How would you categorize the typical guests at a charity auction?
"In my experience, event guests fall into one of three different groups," noted benefit auctioneer Renee Jones in a recent Winspire webinar. Her categories:
The trick to maximizing auction revenue is knowing how to develop each group - particularly the elusive Group 3. If you're not careful, sponsored tables can fill your charity auction with guests simply there to enjoy the party, not support the event.
In today's post, learn tips to reach out to each type of guest, plus the proven 4-step fundraising strategy that turns guests at sponsored tables into champions for your cause.
Group 1: Top Supporter
A top supporter is someone - perhaps a board member, former board member or former gala chair - who is already providing services to or benefiting from the nonprofit organization.
This is someone who is clearly vested. Top supporters have circled their wagons, raise money, participate and act as an extension of your organization. As Jones says: "They're part of it 24/7, 3-6-5."
Group 2: Guest of Top Supporter
The next type is guests of that perfect supporter. Perhaps your perfect supporter has purchased a table and is filling the remaining eight seats. These are people that may not know as much about your cause, but are in roughly the same demographic and financial position as our top supporter.
"This is a group that we really want to work to educate prior to their arrival," Jones says. Here are two ways to do so.
✓ Tip: Empower top supporters to advocate on your behalf.
People in Group 2 typically don't have a personal connection to the cause, Jones says, so they need to have a hand held as they start learning what makes your organization stand out.
Arm your top supporters with current statistics demonstrating impact. "It's also very important to promote transparency," Jones adds. "How can we show we are incredible stewards of the funds that we receive?"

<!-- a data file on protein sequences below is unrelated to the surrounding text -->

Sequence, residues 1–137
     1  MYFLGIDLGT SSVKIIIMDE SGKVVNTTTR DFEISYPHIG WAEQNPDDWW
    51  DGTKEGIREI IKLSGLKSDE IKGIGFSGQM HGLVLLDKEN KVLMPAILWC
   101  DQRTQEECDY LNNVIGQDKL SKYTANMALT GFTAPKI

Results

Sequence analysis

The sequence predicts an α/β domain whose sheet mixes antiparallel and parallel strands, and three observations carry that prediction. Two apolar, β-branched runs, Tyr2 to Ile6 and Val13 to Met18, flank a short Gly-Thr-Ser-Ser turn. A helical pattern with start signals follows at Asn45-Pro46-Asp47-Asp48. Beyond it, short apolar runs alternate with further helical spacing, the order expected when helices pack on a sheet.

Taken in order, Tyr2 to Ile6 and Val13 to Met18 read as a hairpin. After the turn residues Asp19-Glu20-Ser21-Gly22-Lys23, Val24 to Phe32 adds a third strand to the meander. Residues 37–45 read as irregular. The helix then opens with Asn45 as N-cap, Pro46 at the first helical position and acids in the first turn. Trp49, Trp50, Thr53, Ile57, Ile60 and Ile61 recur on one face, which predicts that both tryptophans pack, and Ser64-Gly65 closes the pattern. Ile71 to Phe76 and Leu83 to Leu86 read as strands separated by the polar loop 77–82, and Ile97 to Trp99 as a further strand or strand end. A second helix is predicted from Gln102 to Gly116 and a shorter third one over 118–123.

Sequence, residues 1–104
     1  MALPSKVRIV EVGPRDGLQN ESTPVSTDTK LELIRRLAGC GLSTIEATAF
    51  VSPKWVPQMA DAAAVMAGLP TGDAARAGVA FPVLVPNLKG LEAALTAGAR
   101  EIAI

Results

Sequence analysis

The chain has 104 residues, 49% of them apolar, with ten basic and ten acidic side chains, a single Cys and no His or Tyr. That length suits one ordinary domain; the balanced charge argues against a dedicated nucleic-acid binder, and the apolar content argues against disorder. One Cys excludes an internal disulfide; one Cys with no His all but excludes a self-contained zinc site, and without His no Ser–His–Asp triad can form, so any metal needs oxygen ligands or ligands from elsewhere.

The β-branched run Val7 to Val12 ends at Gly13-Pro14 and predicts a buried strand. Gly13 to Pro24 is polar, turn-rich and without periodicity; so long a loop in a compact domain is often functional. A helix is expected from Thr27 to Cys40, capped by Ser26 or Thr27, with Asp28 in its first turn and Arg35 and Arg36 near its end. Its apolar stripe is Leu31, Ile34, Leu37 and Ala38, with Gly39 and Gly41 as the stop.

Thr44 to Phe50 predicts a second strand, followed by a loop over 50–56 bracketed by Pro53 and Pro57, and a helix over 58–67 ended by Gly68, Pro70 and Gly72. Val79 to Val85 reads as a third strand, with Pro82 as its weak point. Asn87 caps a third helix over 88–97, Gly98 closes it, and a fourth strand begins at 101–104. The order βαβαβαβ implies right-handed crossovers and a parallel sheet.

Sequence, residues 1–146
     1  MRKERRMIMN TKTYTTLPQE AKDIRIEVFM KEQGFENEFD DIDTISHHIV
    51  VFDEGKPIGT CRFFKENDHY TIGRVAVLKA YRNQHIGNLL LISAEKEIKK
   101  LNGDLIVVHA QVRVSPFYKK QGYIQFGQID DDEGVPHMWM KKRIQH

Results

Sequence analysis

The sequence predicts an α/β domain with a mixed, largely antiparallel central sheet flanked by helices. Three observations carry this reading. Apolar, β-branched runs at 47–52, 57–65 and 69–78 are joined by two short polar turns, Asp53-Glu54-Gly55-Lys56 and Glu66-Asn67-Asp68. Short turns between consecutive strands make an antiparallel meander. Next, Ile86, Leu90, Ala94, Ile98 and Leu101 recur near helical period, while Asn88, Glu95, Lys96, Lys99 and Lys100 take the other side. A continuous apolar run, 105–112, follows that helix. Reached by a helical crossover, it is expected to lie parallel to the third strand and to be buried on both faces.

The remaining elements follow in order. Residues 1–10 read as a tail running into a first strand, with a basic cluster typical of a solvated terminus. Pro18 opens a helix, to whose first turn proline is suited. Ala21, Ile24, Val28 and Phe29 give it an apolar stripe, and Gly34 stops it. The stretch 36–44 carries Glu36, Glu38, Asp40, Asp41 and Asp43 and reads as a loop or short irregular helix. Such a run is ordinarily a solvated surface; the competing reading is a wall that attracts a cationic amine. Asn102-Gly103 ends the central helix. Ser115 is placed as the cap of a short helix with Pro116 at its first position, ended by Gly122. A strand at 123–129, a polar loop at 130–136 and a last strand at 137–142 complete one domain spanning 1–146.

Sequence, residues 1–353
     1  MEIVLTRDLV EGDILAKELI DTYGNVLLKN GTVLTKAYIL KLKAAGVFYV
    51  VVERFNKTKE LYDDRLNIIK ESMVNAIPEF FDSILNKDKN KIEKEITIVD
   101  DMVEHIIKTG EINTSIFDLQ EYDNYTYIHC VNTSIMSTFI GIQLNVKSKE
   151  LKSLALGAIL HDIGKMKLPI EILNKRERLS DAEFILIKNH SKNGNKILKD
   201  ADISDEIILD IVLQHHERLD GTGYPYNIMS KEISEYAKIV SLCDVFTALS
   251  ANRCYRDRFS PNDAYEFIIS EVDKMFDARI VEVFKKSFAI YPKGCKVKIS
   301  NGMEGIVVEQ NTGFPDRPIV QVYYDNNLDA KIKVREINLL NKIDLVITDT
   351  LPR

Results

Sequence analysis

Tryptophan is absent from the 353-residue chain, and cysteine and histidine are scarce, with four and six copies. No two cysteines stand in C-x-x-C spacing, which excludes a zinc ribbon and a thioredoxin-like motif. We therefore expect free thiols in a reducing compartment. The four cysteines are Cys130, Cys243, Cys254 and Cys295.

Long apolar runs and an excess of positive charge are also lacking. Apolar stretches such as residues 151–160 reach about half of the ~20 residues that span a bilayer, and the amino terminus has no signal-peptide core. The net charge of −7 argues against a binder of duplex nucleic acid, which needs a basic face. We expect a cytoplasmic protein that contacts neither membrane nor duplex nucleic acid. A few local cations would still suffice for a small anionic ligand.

An educational nonprofit, for example, might share materials that show how many students receive scholarships and the demographics of the student body.
"If top supporters are armed with information, it finds its way into everyday conversation as they're talking about the event," adds Ian Lauth, VP of Fundraising at Winspire. "Your big cheerleaders have those stats in their back pocket that they can use when inviting first-time guests. And at the event, everyone feels more enthusiastic to participate."
✓ Tip: Meet with them personally before the event.
Depending on the interest level and availability of the top supporter's friend, you may want to take them out to lunch or meet elsewhere face-to-face, bringing them into the vision and mission of the organization. It can also be a good idea to have your top supporter facilitate the meeting ("I'd also like to stress that the individuals that sometimes need the most new education or re-education is our top supporter," Jones adds).
The goal is to supply enough information where both can advocate and feel comfortable the night of the event.
Meeting face-to-face is a surefire way to make a lasting impression on a new potential major donor and will certainly shape their experience at the event.
Group 3: Corporate Table
"Our third guest is a chameleon: It's very difficult to predict just what they're going to look like," says Jones.
A corporate table could have the right people at the table... and it could just as easily not have the right people at the table. Since every table is valuable real estate at your event, you want to do all you can to minimize the likelihood of the latter outcome.
"With corporate donors, one of the things they often receive as part of their rewards package is a table, or more than one table, at the event," Jones says. "Or perhaps at the sponsored table, there's an honoree seated that is an active participant, maybe a top supporter of our organization."
Unfortunately, the rest of the attendees at that table are likely not educated on the mission and vision of the organization. And as we've indicated above, confused and/or uneducated guests have come prepared to enjoy free food and entertainment, but not to give.
Fortunately, there are steps you can take to mitigate the risk (and minimize damage) of an unsupportive table.
⇨ Step 1: Set expectations with sponsors upfront regarding the value and ideal guests at each table.
The golden rule of managing sponsorships is to put yourself in the sponsors' shoes. In this case, no sponsor wants to show up with empty seats.
We certainly empathize with the desire to fill them as fast as possible, but it doesn't have to be this way. Give them time and encouragement to find the right guests.